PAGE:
A School Grammar of Attic Greek

Thomas Dwight Goodell

SIMPLE SENTENCES/ Special Idioms of Predication

545. The commonest form of predication is a simple verb; the copula εἰμι or the like with a predicate adjective or noun is also familiar, and is like English and Latin usage; the predicate noun agreeing with the object is described in 534. But Greek employs the predicate noun and adjective (and participle) more freely than English or Latin does, and in some peculiar idioms.1

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English uses many predicate adjectives and nouns in a manner like those in 546, 547; but the words so used are mostly different in meaning from those so used in Greek, and they are much fewer and less common:
  • Benighted walks under the midday sun.- MILTON, Comus.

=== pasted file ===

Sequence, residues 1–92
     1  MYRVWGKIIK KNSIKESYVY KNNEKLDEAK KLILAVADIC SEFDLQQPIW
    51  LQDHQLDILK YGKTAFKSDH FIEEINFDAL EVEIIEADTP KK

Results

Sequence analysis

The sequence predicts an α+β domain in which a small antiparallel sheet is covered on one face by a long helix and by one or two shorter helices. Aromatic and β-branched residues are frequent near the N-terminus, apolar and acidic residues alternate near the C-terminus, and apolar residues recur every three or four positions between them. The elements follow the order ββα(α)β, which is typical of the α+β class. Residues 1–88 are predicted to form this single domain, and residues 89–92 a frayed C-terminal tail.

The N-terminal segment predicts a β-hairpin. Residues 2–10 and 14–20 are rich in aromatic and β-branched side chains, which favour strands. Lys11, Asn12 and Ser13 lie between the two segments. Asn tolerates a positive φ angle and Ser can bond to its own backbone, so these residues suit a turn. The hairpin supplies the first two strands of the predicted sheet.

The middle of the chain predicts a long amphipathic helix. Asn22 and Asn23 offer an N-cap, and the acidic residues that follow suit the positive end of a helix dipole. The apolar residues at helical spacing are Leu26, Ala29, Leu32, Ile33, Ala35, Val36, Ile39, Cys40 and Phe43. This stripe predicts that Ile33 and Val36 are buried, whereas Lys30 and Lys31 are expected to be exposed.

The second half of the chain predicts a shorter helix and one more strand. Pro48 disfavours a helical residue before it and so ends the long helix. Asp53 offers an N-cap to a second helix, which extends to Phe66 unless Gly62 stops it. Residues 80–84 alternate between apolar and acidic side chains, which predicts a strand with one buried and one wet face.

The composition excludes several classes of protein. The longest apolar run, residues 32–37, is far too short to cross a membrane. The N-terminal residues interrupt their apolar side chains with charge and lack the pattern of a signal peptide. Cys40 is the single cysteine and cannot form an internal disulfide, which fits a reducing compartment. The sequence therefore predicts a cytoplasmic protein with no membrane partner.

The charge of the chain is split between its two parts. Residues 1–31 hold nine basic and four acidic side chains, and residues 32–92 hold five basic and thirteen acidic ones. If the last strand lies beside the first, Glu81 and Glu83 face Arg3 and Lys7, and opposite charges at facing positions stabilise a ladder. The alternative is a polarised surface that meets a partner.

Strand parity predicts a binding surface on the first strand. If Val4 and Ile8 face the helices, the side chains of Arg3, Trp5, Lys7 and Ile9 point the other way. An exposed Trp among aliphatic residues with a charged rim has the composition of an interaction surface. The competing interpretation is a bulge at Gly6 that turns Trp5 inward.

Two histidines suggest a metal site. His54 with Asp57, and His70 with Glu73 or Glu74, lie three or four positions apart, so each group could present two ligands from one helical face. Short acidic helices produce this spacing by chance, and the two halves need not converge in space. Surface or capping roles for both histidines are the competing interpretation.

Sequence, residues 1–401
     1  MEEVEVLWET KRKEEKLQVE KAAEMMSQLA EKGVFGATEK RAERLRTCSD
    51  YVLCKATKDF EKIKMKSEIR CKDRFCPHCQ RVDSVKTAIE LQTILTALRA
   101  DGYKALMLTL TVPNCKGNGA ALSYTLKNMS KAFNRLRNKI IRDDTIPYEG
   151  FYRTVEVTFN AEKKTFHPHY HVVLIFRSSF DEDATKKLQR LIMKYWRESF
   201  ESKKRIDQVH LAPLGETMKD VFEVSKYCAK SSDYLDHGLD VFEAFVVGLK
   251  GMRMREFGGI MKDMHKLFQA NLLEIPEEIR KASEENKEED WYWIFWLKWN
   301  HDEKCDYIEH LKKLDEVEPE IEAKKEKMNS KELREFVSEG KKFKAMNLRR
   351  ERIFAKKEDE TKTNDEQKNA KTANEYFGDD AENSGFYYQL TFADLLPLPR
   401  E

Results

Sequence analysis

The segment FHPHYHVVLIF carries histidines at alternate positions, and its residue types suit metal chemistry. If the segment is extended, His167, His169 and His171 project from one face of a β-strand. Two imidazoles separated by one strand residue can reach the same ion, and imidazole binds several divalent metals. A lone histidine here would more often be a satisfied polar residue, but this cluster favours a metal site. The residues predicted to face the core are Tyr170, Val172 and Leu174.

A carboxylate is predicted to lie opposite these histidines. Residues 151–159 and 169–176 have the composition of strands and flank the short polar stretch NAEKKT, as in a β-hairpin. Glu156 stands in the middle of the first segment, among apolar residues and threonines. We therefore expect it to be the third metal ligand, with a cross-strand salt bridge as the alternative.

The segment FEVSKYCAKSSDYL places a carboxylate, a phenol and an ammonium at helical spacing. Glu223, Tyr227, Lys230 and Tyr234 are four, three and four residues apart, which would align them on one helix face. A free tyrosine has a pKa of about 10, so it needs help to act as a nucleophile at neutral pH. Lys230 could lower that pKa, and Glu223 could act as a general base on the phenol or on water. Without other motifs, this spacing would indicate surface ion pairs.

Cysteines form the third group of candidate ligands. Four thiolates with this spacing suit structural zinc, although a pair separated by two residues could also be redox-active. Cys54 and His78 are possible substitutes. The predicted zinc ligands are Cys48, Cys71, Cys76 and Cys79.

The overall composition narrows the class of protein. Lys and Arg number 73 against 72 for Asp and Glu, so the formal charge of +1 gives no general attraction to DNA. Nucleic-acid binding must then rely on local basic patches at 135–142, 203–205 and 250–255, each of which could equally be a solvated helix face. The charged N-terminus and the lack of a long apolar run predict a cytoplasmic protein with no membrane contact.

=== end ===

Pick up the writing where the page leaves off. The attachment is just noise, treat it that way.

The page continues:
• To glide a sunbeam by the blasted pine,
    To sit a star upon the sparkling spire.-TENNYSON, Princess.
  • Noon lay heavy on flower and tree.-SHELLEY, To Night.
  • Kneel undisturbed, fair saint.-THACKERAY.
  • - May find
    Thee sitting careless on a granary floor.-KEATS, Ode to Autumn.
  • And learns her gone and far from home.-TENNYSON, In Mem., viii.
So in many common prose expressions: go barefoot, run dry, lie quiet, live secure, come home hungry, also build a wall high, strike one dumb, walk oneself lame, drink the stream dry, etc.